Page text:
Kristen Kusama-Hinte arrived on-Island in early June. A couple of weeks later, her son had a fever. She tended to him, sleeping on the floor by his side. She checked her own and discovered a 100-degree temperature and didn’t pay much attention. She got a stiff neck and again didn’t pay much heed. When a terrible headache hit, she knew something was wrong.

She thought she was being assaulted by a horrific flu, until part of her face became paralyzed. “I was completely immobile,” she recalled. “All I could do was moan and groan.” The pain, she said, was worse than two bouts of natural home births. When she noticed a small rash on her arm, she finally went to the clinic and was diagnosed with acute Lyme disease. She was treated with the antibiotic Doxycycline, and symptoms subsided, but her doctor wouldn’t answer her most pressing question, “Am I cured?” “She kept saying, ‘You got the Lyme and you’re treating it,’” she said. “I wanted to know I was not dealing with a chronic disease.”

There is a continuing debate over the existence of chronic Lyme. But people like Sue Rhuby of West Tisbury say it is real, something they live with every day. Ms. Rhuby is a member of the Lyme Disease Support Group on the Vineyard. She was first diagnosed with chronic Lyme in 2010, but she had been feeling its effects for seven years. In the meantime, amidst a host of aches and pains, including a “chisel in my back” feeling that caused her to visit the chiropractor three times a week, sometimes three times a day, she was diagnosed with lupus. But she’s now confident she’d been suffering from Lyme all along. In the absence of doctors with answers, she has taken responsibility for her own health. “You have to educate yourself about the problem you have,” she said. “It’s your body, and you know your body best.”

Enid Haller
Enid Haller — Ray Ewing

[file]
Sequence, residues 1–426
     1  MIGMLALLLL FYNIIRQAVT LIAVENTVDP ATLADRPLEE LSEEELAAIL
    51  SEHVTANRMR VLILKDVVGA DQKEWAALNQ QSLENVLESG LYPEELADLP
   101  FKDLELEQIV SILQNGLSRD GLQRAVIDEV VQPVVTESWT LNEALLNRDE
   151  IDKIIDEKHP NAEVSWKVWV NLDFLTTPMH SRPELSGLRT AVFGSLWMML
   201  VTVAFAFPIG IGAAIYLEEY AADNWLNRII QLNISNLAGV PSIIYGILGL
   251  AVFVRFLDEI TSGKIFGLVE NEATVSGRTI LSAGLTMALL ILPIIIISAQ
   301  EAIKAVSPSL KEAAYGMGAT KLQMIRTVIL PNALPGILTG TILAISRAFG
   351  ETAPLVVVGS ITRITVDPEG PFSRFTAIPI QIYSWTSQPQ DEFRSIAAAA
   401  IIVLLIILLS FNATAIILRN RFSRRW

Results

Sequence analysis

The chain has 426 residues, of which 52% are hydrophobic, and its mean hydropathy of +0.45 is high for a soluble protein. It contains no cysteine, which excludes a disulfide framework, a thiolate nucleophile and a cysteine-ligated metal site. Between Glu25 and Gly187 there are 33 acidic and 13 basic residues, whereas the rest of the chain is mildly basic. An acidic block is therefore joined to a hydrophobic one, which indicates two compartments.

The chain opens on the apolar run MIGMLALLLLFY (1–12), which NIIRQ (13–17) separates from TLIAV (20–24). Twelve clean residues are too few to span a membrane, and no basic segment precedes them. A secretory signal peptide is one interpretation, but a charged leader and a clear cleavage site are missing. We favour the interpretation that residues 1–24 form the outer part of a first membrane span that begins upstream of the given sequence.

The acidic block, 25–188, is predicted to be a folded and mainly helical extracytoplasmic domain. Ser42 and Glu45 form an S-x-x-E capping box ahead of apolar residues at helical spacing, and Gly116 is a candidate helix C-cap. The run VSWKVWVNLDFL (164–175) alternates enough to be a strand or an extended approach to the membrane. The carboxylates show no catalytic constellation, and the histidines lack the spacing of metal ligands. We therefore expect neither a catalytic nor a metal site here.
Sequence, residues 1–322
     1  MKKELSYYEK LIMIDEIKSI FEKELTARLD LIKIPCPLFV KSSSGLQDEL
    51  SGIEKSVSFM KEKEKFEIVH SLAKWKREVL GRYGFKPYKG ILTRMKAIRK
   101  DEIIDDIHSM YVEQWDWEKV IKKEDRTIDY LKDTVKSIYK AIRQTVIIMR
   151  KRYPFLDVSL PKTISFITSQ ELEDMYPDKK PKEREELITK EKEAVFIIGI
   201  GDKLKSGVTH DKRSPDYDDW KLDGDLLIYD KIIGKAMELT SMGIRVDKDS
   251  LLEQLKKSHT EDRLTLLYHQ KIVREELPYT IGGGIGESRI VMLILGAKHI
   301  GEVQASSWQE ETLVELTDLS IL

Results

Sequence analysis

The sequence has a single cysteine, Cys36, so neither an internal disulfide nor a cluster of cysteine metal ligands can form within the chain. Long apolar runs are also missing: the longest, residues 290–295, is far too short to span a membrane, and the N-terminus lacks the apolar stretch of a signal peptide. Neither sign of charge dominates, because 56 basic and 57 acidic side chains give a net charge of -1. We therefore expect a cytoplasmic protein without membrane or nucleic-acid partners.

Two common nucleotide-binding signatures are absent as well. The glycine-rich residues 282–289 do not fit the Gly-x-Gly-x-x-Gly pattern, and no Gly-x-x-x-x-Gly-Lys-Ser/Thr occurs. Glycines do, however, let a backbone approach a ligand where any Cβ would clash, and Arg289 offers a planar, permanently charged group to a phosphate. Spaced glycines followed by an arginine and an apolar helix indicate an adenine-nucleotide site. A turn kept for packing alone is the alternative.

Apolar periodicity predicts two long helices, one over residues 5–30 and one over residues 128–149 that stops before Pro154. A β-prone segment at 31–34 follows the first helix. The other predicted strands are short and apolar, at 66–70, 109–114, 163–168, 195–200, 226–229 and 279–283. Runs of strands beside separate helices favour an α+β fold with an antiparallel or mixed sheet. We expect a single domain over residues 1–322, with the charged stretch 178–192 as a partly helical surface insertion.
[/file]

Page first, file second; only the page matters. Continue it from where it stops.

The support group, headed by Enid Haller, a PhD in clinical psychology, provides information and emotional support to its 150 members. For most, after experiencing the effects of a particularly isolating disease, the support group helps them feel heard.

“I think it feels really good for people to talk to other members of the group and feel heard,” said Phoenix Becker, one of the support group’s organizers.

As group members told their stories Wednesday night in West Tisbury, their voices were met with understanding groans of solidarity. They discussed doctors, treatments, anxiety, depression, misdiagnosis. “I feel like I have been run over by a fatigue bus,” a woman from Danvers said, and everyone agreed it’s a good way to put it. As Nick entered the room, he dragged his feet. “I’m doing the Lyme shuffle,” he said, and everyone laughed. The crocs, work boots, hiking boots, Tevas and leather sandals identify them as people from different sectors of society — but the isolating experiences they’ve shared bring them together. They agree on many things—that pain is worst in the morning, for example. But they disagree over whether it’s okay to resort to painkillers. They avoid hospital-bashing for the most part, but sometimes they can’t resist: They feel ignored and unheard by the medical establishment.

Twenty-one members came to the meeting. The group functions much like a referral service. A new group member presents her case, eliciting audible compassion of the people sitting around her, and Ms. Haller suggests a next step. She’s done her research, aided by Ms. Becker, so rarely does a treatment come up that she hasn’t heard of. She keeps a short list of doctors whom she refers to as “Lyme-literate”—the majority of whom do not accept standard insurance plans, but against the doctors who take advantage of people’s desperation. “I don’t mean to call them quacks or whatever,” she said. “But it’s important for people to hear in the group that you have to be careful. Some charge a lot of money.”

Sam Hiser
Sam Hiser. — Ray Ewing